LOS ANGELES (AP) — A 21-year-old Army veteran was shot to death Sunday only months after his return from Afghanistan, police said.
Francisco Garcia had left a party at his girlfriend's house and was on a sidewalk in the San Fernando Valley around 2 a.m. Sunday when two cars pulled up. A man got out of one vehicle, smashed a beer bottle on the ground and yelled at Garcia before going back to the second car to grab a gun, police said.
Garcia died at the scene. No one else was injured.
Los Angeles police Lt. Paul Vernon told reporters that "the ironies are obvious. To survive as a soldier in an overseas conflict, only to be killed in your neighborhood upon your return."
Los Angeles police detective Juan Santa told The Associated Press that Garcia is believed to have returned from Afghanistan over the summer.
It was initially reported that the party was held to celebrate Garcia's return to the United States, but Santa said that was not clear yet based on the information police had.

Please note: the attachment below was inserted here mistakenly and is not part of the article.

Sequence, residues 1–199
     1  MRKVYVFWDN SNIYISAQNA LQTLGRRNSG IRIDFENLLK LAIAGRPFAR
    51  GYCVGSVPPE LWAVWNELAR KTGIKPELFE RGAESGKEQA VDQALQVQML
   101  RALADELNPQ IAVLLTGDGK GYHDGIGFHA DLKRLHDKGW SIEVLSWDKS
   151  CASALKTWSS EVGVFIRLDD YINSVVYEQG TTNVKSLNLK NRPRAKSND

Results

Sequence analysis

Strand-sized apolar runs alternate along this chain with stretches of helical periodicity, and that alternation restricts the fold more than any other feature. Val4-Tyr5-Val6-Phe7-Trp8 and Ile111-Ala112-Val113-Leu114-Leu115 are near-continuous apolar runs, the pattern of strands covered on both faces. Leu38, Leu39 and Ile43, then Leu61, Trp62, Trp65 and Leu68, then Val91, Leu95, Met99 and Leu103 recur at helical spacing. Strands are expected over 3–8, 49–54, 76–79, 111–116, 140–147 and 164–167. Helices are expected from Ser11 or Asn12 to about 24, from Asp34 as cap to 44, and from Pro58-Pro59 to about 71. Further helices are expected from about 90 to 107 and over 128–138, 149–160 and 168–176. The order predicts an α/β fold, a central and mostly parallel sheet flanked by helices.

Police believe the shooter targeted Garcia after a dispute Saturday. No arrests have been made.
Detectives do not believe those involved had been at the party.
"It appears Francisco was the target of the attack," Vernon said. "Apparently, a simmering dispute had boiled over during the night, and this suspect came looking for Francisco. Figuring out the dispute should lead us to the shooter."
Authorities talked to several witnesses and collected evidence, including several bullet casings.
Brian Enriquez, 21, told the Los Angeles Times that he, Garcia and a group of friends left Garcia's girlfriend's house when she decided to go to sleep. They headed to another gathering when the cars pulled up.
Enriquez said he had never seen them before and does not know why they would kill Garcia, whom he had known since middle school.
He said the shooter said, "Are you ready for this?" before opening fire.
"He was a very loving, caring person," Enriquez said. "He would always have a smile on his face. An all-around amazing individual."
Mourners left flowers at the spot of the shooting.
Garcia's friend, Fernando Mora, 25, crouched down to pray on the sidewalk where the veteran died. He said Garcia had recently told him he had lost fellow troops in Afghanistan.
"He came back alive," Mora told the Los Angeles Times. "So to die like this, it's not right."
Mora brought flowers, candles and his 6-month-old son, Mason, to the impromptu memorial.